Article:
First Year Learning Communities
Explore a thought-provoking topic, bond with your peers in small groups, and build your confidence.
Choose Your First-Year Experience
We provide a solid footing at the starting line for all. College Writing and a choice of First-Year Seminar options are required. Choose from either a First-Year Seminar OR a First-Year Learning Community Seminar. Both bring together BA and BS students in the liberal arts and sciences in small group discussions. (Students in the arts earning BFAs and MusBs have first-year programs built into their curriculum.)
First-Year Learning Community Seminar
Taught by faculty, First-Year Learning Community Seminars (FYLC) are small, innovative classes with topics that reflect the instructor’s intellectual interests.
Limited to 20 students each, FYLC Seminars provide students an opportunity to engage with faculty and peers on topics of intellectual and social significance in a small class environment. The FYLC seminar reflects the faculty member’s unique area of study and interests. The FYLC Seminar promotes exploration of higher education, intellectual exchange, critical thinking, and community.
FYLC Seminar Details
- Three credits.
- Open to first-year students (and new transfers with less than 30 credits) in BA and BS degree programs in the School of Liberal Arts and Sciences as well as students in the BA Theatre and Performance program.
- Open to both residential and commuter students.
- Includes placement in a companion course, generally College writing or another general education course.
- Taught by faculty or faculty-in-residence, who also serve as students’ academic advisors.
- Each FYLC seminar has an assigned peer mentor.
- Includes an invitation to the FLYC Fellows extended orientation program.
FYLC Summer Fellows Program
Those who opt to enroll in the FYLC Seminar are encouraged, but not required, to attend an extended overnight orientation program. The two and a half day program allows a deeper dive into the college life transition and a connection with peers in the seminar.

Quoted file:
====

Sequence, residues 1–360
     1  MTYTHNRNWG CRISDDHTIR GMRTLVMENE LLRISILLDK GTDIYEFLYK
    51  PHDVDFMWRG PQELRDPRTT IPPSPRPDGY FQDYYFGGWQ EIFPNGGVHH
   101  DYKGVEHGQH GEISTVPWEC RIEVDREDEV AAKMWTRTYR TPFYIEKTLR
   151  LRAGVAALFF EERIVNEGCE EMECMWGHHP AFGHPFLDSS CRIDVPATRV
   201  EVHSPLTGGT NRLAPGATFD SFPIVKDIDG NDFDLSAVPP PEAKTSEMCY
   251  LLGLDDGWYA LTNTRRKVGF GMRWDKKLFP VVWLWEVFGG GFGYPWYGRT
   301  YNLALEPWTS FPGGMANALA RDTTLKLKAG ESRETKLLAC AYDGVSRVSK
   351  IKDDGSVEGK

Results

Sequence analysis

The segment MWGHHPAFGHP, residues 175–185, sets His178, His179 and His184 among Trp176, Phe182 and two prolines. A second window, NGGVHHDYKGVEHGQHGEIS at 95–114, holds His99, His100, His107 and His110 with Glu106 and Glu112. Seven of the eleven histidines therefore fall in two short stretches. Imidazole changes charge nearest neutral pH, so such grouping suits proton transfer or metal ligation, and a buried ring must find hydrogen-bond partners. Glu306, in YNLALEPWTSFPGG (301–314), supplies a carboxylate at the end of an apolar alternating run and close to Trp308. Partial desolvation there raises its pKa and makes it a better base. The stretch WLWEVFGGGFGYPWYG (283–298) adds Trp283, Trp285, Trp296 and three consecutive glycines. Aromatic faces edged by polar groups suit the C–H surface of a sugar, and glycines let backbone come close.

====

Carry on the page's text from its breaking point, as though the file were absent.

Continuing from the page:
The program will run from August 23 to August 25 (just prior to the start of the semester).
Watch for more information on how to apply to a FYLC Summer Fellows program in the coming weeks.
FYLC Seminar Learning Outcomes
- Foster academic success
- Discover and connect with Purchase College
- Promote personal development, wellbeing, and social responsibility
- Develop critical thinking and reasoning skills
How to Apply
Students can choose a First-Year Learning Community Seminar of their choice (up to three options) during the registration process. Students are placed in Seminars on a first-come, first-served basis. If a student’s first choice is full, they will be assigned to the second or third choice based on availability.
Seminar Topics and Faculty
Assistant Professor of Political Science
This course looks at the politics of media ecologies. Learn media literacy, the ways political institutions and actors interface with media, and how to be a socially responsible media consumer and sharer.
Professor of Media Studies
Black Futures explores pasts, presents, and futures of Black Life, emphasizing the creativity, endurance, and resilience of Black peoples. Incorporating an eclectic array of source materials from ancient art and slave narratives, to music and blockbuster media, the course will cultivate global historical perspectives and critical thinking and reasoning skills, grounded in the present, in the Movement for Black Lives in particular, as well as the ways ordinary people (including students) are creating the conditions for Black futures to emerge and thrive around the world.
Visiting Assistant Professor of Cinema Studies and Film
This course explores heterogeneous genres of personal documentary, essay film, and autobiographical or first-person media from film and video to photography. Drawing on traditions in literature, anthropology, commercial and independent filmmaking, and social justice activism and organizing, these works are opened up through texts from the disciplines of gender studies, cultural studies, disability studies, cinema and media theory, history, and critical ethnic studies.
Projects include both writing assignments, and creative exercises utilizing “personal media” such as simple voice recording software and digital photo capture and video recording via phones and laptops, in conversation with the works addressed.
This course is accessible and applicable across students’ majors, and is particularly useful for those who are undeclared.
Visiting Assistant Professor of Literature
In this course, students will explore the many community resources that support and affirm LGBTQIA+ students and allies on our Purchase campus, including academic, health and wellness, and social advocacy resources. Hear guest lectures and panels from LGBTQIA+ community leaders beyond our campus borders, including those near home in Westchester and NYC and those working further afield in embattled states like Texas. Engage with the campus and local community through planning and hosting an event.
Engage in volunteer work at Westchester’s LOFT LGBT Center and take a Purchase in the City trip to visit the Ali Forney Center for Homeless LGBTQIA+ youth or The Lesbian, Gay, Bisexual, & Transgender Community Center of New York City.
This course is suitable for all students, whether or not they identify within the LGBTQIA+ community, including for those pursuing careers in public service fields.